Ron preaching to the choir I really must digress at bit about Ron, because when he speaks you get this feeling that he first of all loves his job, but I also get the feeling that the reason why he is in the WF4 team is that he likes to see this kind of technology develop. It is like he does that just for himself.

Workflow problem

This is coming from me personally, and it’s that I think one of the reasons that WF might not be everyone’s first choice id that it' is ugly! The design surface is…well ugly and it does not look like a WF. I really wish that “someone” would design a skin for it, because it’s possible to skin and re-host.

Notes from the session

Here are some of my notes and take-aways from the session: Statemachine workflows was dropped from WF4 due to time issues but there is a version on codeplex right now, if you want it. There are also a couple of other interesting things there so check it out.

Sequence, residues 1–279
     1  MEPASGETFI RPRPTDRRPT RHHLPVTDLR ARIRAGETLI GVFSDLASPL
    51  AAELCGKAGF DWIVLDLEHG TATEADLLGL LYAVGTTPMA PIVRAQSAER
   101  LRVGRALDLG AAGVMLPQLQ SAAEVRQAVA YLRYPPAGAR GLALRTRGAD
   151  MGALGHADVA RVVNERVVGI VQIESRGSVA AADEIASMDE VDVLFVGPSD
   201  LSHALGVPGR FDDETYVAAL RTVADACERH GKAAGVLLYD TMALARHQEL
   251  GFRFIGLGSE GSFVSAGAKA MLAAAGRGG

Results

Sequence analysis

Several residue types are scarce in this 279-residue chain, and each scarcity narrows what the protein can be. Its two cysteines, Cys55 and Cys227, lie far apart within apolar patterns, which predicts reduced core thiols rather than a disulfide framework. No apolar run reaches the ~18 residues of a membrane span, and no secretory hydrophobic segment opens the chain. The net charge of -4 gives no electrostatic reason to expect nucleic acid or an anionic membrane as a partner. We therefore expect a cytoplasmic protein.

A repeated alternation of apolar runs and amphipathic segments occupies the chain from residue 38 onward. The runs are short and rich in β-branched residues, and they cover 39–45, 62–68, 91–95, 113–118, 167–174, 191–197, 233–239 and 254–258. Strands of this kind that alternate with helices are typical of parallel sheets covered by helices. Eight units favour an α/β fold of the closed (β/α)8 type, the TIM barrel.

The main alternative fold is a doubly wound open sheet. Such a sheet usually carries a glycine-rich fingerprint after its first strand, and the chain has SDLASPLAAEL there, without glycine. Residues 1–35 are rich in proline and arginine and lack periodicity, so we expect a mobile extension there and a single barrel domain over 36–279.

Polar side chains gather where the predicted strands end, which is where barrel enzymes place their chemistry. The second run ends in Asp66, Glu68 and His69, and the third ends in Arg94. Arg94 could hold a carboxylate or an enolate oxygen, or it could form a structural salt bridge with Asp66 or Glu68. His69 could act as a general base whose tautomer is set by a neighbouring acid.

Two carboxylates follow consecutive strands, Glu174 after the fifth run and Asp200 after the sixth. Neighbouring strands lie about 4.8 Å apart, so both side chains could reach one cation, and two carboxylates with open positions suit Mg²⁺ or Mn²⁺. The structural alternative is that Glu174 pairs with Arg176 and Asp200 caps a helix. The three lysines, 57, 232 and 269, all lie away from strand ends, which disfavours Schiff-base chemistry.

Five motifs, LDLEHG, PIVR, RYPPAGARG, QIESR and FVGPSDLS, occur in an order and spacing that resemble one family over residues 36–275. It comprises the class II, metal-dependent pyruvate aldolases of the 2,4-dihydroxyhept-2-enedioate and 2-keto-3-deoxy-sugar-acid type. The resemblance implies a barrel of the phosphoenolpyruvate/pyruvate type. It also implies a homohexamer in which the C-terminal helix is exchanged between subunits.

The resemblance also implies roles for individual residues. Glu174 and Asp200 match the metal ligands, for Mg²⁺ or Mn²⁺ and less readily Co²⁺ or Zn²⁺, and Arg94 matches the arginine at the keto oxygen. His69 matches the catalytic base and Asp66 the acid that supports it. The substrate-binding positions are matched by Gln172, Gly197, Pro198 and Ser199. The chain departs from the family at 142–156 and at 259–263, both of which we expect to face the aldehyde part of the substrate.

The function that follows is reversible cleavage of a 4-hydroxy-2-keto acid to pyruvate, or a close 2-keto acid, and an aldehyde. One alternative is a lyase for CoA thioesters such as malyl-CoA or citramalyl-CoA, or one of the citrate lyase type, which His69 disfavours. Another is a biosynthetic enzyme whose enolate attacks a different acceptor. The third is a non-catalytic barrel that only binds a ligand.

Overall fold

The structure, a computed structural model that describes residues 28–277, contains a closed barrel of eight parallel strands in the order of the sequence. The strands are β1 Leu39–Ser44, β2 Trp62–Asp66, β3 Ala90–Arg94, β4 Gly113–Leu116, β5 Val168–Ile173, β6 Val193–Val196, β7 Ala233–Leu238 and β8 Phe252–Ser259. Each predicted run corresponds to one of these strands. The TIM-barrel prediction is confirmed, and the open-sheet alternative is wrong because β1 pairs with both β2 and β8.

If you want to get a good example to really get you going with WF4 (and you should) you can point your browser to this address. This example does not only provide you with everything you need but it is designed to be displayed right there in visual studio! You get documentation and steps and code all in the same application. A great feature I think.

As things stand now technology-wise, Ron said it best: “There is no reason on earth to host as WCF or a WF service in anything but AppFabric". Guess I can say: I told you so!